After dabbling with Python, my Year 8 class who are open to trying anything (my guinea pigs) had a go with my first IF game, Escape from Byron Bay.
Being new to Interactive fiction I gave them the basics of keywords, inventory, character and how you are placed in a scenario from which you take the wheel in controlling the game. After much discussion, debugging, and tweaking with @KristianStill the game now incorporates a timer so players can compare game times after completion.
Pupils initially read the scenario and looked around, eagerly dashing in and out of rooms checking everything out as if they were a hamster in a brand new home. Shortly afterwards, confusion set in amongst a few as the couldn’t fathom where they were to find the items needed to progress. This was overcome by theconstant chattering of pupils revealing what they had just discovered followed by screams of “How?” and “Where?”
Within fifteen minutes, the room was a hive of activity with ALL pupils on task. As usual with this game, the third part of the code was proving difficult to locate, but without giving any clues, three pupils found it in quick succession with 15 minutes to spare. The quickly got through the escape hatch, got in the helicopter and they were out of there!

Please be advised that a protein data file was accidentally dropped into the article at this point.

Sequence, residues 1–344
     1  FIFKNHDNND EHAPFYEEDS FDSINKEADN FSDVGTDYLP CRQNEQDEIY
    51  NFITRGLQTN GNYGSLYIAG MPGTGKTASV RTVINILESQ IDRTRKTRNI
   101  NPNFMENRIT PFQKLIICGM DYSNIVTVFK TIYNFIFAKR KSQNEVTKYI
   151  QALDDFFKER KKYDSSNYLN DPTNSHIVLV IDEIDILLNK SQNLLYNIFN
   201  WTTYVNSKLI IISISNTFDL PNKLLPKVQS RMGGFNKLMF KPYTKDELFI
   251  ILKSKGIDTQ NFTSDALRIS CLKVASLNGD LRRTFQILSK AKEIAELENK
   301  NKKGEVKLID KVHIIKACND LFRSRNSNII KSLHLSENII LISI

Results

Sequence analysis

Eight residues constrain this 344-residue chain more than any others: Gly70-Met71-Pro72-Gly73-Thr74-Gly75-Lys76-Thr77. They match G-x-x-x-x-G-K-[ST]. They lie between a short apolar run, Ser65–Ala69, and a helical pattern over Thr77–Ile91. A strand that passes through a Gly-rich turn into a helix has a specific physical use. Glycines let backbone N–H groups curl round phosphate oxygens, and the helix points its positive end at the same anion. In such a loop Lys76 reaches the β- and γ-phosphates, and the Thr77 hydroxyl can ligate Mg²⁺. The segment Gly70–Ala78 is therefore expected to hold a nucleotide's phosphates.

The rest, not wanting to be outdone were frantically typing to locate the the codes.
Below are some of the comments sent via Twitter and email after the lesson.
Lauren said “it was really good and i enjoyed playing it
it was really stressfull though at the same time
Charlie said “It was a fun game it just made my head spin :s”
Liam said “Great text adventure game hard to understand at the beginning but when you know what options you have it gets really easy ,thanks!”
Dorothy said “It was hard but i was determined to finish it once i started it. I would really like to play games like this again.”
Blue said “I think that the game really tested people in their thinking skills, I personally thought it was great!:)”
It’s clear that tasks like this, pitched at the right audience serve to totally engage a class. Pupils commented on how it ‘got them thinking’. The educational benefits are enormous touching on literacy, problem solving, thinking skills and computer science when it comes to the design aspect.
As an old school IF player, I’m now reeling with excitement at not only the thought of creating another great mini game for pupils to break their teeth on but also teaching the planning and creation of such games. If you haven’t heard of Interactive Fiction before, bookmark this post, this is going to be huge in the coming months.
Get yourself started now by downloading Quest from www.textadventures.co.uk, thanks to Alex Warren. Thanks also to Kristian Still for lots (and lots) of guidance and advice. Watch out for our collaboration in the near future. Heaven knows how a game developed miles apart by two individuals will pan out but I’m sure it will be great fun!